A provincial judge has fined a Neepawa veterinarian $80,000 for issuing improper health certificates that allowed cattle to be exported illegally into the United States in 2009.
On Oct. 1, Dr. Fawcett Taylor pleaded guilty in a Winnipeg court to one count of neglecting to perform a duty imposed on him under Section 34 of the Health of Animals Act.
According to Global Winnipeg, both the Crown and defence agreed that Taylor did not purposely approve the cattle for export.
When asked if he wanted to say anything in court, Taylor said, "No, just that I’m sorry."
Taylor was contacted by the Brandon Sun on Saturday, but chose not to comment on the fine, which he will have nine months to pay.
The charges stem from a Canadian Food Inspection Agency investigation that began in 2009 after a load of 42 cattle was refused entry into the U.S. at the Emerson border crossing.
A CFIA inspection manager for eastern Manitoba claimed the U.S. Department of Agriculture rejected the load after the discovery of a downer cow — an animal that is unable to rise on its own, possible due to trauma or disease — on the trailer.
Taylor, of Brydges and Taylor Veterinary Clinic in Neepawa, signed the export certificate indicating he had examined the cattle on the same day they were turned around at the border.
The CFIA cancelled Taylor’s cattle export accreditation later the same year and he has not certified cattle since.
n 2003, the U.S. government banned imports of Canadian cattle following the discovery of a single cow infected with bovine spongiform encephalopathy, more commonly known as mad cow disease.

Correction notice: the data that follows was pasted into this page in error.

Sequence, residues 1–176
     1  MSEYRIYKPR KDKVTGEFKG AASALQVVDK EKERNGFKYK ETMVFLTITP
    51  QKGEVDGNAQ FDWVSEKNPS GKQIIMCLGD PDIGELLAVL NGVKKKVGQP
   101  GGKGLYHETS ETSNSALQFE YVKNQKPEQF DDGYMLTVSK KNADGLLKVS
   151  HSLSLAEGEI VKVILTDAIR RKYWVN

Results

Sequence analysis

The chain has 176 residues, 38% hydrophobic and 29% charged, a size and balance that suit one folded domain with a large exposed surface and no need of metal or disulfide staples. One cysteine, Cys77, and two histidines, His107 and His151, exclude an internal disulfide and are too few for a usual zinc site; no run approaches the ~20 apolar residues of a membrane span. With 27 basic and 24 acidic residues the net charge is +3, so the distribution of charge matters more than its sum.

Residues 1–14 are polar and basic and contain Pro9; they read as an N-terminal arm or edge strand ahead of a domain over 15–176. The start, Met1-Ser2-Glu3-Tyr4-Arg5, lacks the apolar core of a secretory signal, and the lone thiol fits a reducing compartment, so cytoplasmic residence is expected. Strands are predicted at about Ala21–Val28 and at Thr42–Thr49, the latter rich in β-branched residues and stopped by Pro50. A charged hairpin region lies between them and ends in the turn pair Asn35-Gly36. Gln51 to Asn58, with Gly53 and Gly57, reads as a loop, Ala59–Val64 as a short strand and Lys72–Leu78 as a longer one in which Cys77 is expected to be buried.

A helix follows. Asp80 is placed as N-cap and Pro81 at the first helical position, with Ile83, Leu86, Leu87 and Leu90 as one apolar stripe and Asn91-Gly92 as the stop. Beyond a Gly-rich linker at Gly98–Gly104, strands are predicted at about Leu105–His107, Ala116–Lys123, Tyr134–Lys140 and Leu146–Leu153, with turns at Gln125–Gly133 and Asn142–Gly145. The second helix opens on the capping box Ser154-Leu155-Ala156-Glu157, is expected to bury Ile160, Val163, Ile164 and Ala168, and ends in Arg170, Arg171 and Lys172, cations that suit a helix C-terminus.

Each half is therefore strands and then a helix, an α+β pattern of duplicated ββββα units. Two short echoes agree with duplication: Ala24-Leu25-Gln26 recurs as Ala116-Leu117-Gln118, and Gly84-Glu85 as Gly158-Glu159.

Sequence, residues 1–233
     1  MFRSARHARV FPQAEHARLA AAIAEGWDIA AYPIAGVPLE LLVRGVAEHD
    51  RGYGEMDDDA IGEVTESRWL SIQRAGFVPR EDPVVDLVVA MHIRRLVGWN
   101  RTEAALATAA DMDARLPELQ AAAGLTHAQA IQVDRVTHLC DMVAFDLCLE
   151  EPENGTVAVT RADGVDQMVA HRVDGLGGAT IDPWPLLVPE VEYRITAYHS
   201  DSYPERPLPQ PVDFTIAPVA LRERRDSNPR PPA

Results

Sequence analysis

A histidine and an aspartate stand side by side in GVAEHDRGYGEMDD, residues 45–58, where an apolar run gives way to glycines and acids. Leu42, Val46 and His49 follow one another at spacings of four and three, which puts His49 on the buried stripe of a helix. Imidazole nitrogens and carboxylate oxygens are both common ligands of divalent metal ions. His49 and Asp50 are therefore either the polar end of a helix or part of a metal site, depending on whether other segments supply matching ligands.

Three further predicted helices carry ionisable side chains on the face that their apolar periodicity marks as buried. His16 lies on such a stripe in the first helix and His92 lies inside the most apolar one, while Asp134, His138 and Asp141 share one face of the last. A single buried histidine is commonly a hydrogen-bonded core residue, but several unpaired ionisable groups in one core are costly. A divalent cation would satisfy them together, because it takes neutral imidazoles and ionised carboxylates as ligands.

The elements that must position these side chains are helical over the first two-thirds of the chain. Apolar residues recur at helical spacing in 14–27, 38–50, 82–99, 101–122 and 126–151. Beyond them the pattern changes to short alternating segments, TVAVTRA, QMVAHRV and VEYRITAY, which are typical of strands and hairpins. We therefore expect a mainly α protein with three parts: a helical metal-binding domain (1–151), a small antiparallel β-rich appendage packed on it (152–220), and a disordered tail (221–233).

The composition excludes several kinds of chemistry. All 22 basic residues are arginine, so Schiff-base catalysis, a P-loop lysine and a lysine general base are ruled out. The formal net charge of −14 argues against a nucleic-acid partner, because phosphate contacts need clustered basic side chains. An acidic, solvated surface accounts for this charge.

The U.S. eventually relaxed the ban to allow cattle under the age of 30 months in 2005 and then again in 2007 to animals born after March 1, 1999.
In order to meet the requirements, the Canadian government passed regulations that required all cattle destined for the U.S. to be identified with a unique ear tag and to be examined by a qualified veterinarian for age, sex and breed verification.
According to search warrant documents, the Canadian Cattle Identification Agency tag number on the downer cow suggested the cow was 10 months old at the time of expert. However, in a statement made under oath, a pathologist with Manitoba Agriculture claimed that the animal’s teeth were consistent with an older animal between 10 to 15 years of age.
In April 2010, CFIA investigators obtained warrants and searched Taylor’s clinic as well as three cattle companies in the area.
As a result of the search, Taylor and six others were charged with offences under the Health of Animals Act.
This summer the charges against some of the parties were stayed.
with Brandon Sun files
Republished from the Brandon Sun print edition October 9, 2012